I don’t do lots of IDs but I do this sometimes. A while ago I looked at bobcat observations and lots of them were obviously domestic cats. Recently I looked at the species list for a specific area and there were some way out of range RG captive observations that hadn’t been marked captive.
Almost 100,000 records are added to iNat on a daily basis and that number is growing quickly. With the resources on the site, it simply is not possible to double and triple check every identification that is submitted. As it is the number of people willing/able to do ID’s is quickly getting overwhelmed.
As others have said, one thing some people do is either monitor a taxa or group they know is prone to mis-identifcations and try and watch those. Another thing you can do is monitor the checklist of a place for the newest additions (the default view is order added to the checklist, so they will be last in line) to see if anything that raises suspicion has been added.
This may be taking the conversation in a different direction but I wonder if the project “iNaturalist” needs to actively remind people of the need for caution for the very specific reason that climate change increasingly affecting what is seen where. I don’t want to make this a political conversation and the caution is relevant for any natural range expansion.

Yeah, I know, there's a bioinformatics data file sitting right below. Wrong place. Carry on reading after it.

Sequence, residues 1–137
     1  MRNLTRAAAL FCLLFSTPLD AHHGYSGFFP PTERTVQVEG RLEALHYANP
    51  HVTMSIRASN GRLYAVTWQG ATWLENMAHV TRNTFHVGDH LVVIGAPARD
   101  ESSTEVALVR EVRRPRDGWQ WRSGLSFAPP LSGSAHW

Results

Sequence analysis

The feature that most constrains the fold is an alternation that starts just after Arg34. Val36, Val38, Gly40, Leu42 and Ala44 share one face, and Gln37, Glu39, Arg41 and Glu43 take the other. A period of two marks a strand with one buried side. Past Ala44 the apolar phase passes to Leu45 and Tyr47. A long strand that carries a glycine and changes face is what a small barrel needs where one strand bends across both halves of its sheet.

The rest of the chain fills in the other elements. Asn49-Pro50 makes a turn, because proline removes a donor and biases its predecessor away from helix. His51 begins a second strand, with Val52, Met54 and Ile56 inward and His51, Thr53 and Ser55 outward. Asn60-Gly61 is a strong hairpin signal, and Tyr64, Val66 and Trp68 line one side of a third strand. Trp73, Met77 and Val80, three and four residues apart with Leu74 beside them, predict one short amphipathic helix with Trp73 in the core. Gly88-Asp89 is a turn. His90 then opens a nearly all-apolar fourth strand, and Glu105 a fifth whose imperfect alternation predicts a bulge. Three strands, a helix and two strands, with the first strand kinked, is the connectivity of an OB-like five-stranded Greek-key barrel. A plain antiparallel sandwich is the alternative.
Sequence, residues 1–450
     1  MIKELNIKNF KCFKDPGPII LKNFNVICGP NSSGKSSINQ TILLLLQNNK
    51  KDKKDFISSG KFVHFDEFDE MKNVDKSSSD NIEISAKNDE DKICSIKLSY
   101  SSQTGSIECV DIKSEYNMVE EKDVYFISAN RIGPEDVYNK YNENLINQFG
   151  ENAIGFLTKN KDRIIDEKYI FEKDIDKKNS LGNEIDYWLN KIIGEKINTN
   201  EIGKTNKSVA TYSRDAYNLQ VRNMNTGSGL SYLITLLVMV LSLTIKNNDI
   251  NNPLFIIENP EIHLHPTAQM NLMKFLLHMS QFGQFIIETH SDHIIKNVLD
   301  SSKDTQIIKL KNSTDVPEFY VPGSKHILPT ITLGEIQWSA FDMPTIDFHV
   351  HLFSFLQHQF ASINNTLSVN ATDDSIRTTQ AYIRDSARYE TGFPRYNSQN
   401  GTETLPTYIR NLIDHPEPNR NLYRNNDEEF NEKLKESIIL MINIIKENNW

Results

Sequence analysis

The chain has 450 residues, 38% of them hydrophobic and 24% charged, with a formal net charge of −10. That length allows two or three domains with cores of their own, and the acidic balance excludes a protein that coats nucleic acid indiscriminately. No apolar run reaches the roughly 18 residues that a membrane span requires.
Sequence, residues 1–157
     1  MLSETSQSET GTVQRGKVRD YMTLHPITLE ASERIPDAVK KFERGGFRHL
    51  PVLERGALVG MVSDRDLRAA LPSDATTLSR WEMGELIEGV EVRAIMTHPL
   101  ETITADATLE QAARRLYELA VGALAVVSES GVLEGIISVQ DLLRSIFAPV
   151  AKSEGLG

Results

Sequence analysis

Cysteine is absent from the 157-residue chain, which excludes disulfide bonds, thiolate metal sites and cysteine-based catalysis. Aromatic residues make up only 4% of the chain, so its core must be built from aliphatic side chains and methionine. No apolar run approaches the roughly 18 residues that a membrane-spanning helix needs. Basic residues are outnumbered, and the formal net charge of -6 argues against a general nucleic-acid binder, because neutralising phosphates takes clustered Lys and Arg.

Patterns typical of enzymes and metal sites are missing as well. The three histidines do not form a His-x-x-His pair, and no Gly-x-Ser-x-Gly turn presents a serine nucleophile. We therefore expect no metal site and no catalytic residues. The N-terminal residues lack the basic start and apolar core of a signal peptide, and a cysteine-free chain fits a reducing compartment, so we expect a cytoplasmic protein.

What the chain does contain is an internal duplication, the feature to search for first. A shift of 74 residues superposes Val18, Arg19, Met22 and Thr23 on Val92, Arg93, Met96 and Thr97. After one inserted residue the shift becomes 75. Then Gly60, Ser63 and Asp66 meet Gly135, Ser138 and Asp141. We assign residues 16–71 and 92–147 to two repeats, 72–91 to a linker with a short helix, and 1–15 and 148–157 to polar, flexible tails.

I’m as guilt as anyone at assuming what to expect in my area but maybe the idea that you have to look to what’s been seen in nearby areas, before users of iNaturalist offer identifications, should be emphasized in some way. For people following birds, butterflies or dragonflies, they may already be doing this, but here in Ontario even within some taxon considered relative immobile, such as crayfish, new species have been posted and confirmed, that are found in an adjoining jurisdiction (Michigan) that had not previously recorded in Ontario.
Yes, that is a major source of error.
That’s not strictly necessary. Two IDs serve the same purpose as long as one of them isn’t the observer. It’s a subtle but important distinction, I think.
That reminds me, does anyone know a way to find all observations of a given taxon that do not have at least two IDs not counting the observer?
I agree that, just because a RG record lies outside of the previously-documented range of that species, doesn’t mean it’s necessarily wrong. It can become a circular verification process to rely on the known range as the main criterion for accepting or rejecting an ID. But an outlier is often a flag to a reviewer that the record needs another look, especially if it is WAY outside of the range (100s of miles). There certainly are many good range extension records on iNat, especially for more mobile species or those that tend to get moved around by humans.
We also have to remember that not everything we know about a species distribution is captured in iNat records. Many species have had their ranges well-documented by specimen collectors long before iNat came along. However, I’ve also noticed that the shaded range maps for some iNat species accounts, especially for many mammals, are not particularly accurate or up to date.